- Abidjan USA: Music, Dance, and Mobility in the Lives of Four Ivorian Immigrants by Daniel B. Reed
Abidjan USA: Music, Dance, and Mobility in the Lives of Four Ivorian Immigrants by Daniel Reed recounts the life stories of Vado Diomande, Samba Diallo, Sogbety Diomande, and Dr. Djo [End Page 113] Bi Irie Simon through their relationships to, and performances of, West African ballet. Reed argues that these life stories “offer individual, ethnographically grounded perspectives on life in an interconnected world—where transnational economic and political networks interlay trans-nationally circulating discourses such as globalization, the New African Diaspora, and cosmopolitanism” (p. xix).
Abidjan USA recounts how Vado, Samba, Sogbety, and Dr. Djo Bi each began their relationships with Ivorian ballet as children in their home villages in Côte d'Ivoire, mastering the dances and drum rhythms of their respective ethnic groups. This education provided entry into the competitive ballet market in Abidjan, forming the basis of their professional careers as performers for the Ivorian national ballet, named the Ballet National de Côte d'Ivoire (BNCI), and other troupes. The rigorous training they received in these troupes became the means for transnational performance opportunities and, eventually, emigration to the United States, where the four continue to form immigrant communities that coalesce around performance opportunities across the eastern United States.
The first chapter outlines Reed’s two theoretical approaches—life story and performance—and situates this work within the body of scholarship concerning immigration and ethnomusicology. As a way of connecting life story and performance, Reed utilizes the metaphor of an island, stating that “performance is the visible . . . surface that one can see above the water, and life story is the foundation below, generally not visible or known to the American public” (p. 4), but that informs what surfaces onstage. Performances are locations at which many discourses converge, and in “diasporic settings, performers are often the most visible and audible community representatives to the multicultural society around them; African immigrant performers can function as the face of the New Diaspora, symbolically representing ‘Africa,’ ‘West Africa,’ and/or ‘Ivory Coast’” (p. 26). This framework allows for a broader range of analysis, which thinks “not only in terms of individual artists’ lives and performance practices but also in terms of broad social formulations (such as diaspora, transnationality, nationality, ethnicity)” (p. 19) and their interconnections.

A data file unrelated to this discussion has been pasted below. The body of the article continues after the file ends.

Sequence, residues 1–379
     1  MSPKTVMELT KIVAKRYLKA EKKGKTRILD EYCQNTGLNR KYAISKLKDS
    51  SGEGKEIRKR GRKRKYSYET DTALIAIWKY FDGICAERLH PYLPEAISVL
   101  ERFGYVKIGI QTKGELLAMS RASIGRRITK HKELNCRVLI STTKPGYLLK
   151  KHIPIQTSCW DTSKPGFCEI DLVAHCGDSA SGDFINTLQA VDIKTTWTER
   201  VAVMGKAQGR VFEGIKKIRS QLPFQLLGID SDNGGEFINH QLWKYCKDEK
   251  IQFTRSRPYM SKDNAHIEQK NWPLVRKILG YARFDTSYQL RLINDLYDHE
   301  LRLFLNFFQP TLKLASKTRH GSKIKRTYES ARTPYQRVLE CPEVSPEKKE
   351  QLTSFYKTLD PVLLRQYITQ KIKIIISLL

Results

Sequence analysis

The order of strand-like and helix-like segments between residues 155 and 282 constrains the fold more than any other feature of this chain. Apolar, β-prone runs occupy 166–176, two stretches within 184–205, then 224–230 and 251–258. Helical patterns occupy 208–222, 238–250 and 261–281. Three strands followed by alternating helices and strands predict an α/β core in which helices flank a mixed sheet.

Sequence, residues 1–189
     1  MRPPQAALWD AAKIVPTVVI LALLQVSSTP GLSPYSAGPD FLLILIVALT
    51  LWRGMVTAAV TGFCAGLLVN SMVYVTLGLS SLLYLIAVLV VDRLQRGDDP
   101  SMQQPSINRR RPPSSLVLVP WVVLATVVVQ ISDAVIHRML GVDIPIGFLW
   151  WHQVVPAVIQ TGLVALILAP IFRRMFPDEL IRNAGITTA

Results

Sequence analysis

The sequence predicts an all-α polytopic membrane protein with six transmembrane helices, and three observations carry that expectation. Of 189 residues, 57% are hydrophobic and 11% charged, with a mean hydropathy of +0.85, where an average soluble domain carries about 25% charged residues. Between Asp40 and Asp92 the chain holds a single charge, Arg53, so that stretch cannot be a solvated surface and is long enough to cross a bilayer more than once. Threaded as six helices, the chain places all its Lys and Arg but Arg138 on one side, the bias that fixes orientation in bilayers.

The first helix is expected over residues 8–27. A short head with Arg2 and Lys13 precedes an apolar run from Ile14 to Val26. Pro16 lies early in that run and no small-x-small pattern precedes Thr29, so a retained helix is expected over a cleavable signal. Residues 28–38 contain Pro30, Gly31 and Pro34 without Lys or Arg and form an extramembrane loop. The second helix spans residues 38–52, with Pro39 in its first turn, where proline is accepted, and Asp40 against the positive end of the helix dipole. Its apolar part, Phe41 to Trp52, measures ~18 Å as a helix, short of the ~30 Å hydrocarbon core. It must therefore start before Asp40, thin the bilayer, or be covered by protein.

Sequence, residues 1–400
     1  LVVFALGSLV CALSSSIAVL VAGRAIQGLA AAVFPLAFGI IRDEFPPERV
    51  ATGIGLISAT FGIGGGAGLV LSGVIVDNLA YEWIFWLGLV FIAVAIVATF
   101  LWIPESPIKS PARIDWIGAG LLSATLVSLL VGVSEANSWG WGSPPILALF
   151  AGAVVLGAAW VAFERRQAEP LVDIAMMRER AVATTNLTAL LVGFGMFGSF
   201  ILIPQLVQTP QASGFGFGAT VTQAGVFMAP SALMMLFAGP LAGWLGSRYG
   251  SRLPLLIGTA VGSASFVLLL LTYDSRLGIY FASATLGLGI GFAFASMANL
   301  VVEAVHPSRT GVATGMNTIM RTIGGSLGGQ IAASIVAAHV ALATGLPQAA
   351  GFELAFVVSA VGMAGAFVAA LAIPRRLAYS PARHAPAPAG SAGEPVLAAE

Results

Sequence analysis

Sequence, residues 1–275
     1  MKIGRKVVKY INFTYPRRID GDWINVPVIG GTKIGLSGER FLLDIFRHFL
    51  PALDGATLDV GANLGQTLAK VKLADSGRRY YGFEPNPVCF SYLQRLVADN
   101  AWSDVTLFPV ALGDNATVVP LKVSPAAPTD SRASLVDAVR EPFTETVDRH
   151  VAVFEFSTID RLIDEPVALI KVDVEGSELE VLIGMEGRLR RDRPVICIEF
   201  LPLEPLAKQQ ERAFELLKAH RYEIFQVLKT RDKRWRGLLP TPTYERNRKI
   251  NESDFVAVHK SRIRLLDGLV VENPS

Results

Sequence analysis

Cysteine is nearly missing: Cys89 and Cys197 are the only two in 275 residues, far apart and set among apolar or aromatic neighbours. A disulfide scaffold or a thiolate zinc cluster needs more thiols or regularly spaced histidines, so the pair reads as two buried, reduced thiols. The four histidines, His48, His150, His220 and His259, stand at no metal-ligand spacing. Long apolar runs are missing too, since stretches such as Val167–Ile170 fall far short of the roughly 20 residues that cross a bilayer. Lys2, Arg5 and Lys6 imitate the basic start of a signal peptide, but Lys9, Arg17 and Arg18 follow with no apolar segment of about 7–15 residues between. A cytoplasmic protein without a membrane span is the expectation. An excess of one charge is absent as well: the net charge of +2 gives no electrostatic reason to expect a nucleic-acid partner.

Chapter 2 provides a history of West African and Ivorian ballet. Here, Reed also unravels the multiple discourses inherent in Ivorian ballet and examines the components of the repertoire of prearranged pieces that performers have to master. The author also discusses how ballet provides performers with access to the international labor market as tours provide “chances to defect and/or make contacts to facilitate later immigration” (p. 65). West African ballet emerged as a new genre in the 1940s, when Guinean Fodeba Keita formed the first African ballet ensemble Les Ballets Africains (LBA). At Guinea’s independence in 1958, President Sekou Touré utilized the troupe in the nation-building process, redefining the LBA as “anti-colonial and nationalist” (p. 39). According to Reed, Touré “sought to represent to the world an image of his new nation and the continent itself as one of great cultural and artistic achievement” (p. 39). As the LBA travelled, so did the idea of African ballet, and West African nations began creating their own troupes.
Reed devotes chapters 3 through 10 to the analysis of the performances and life stories of his consultants, concretizing the theoretical framework of the first chapter and personalizing the historical background of the second. Each consultant is dedicated two chapters. The first chapters describe and examine a performance staged by each consultant. Reed analyzes event names, promotional items, stage backdrops, performers’ demographics, dance and musical compositions, and instrumentation. The second chapters recount the consultants’ life stories, highlighting their performance histories and their experiences as immigrants as foundational to the discourses that emerge onstage.
Chapters 3 and 4 are dedicated...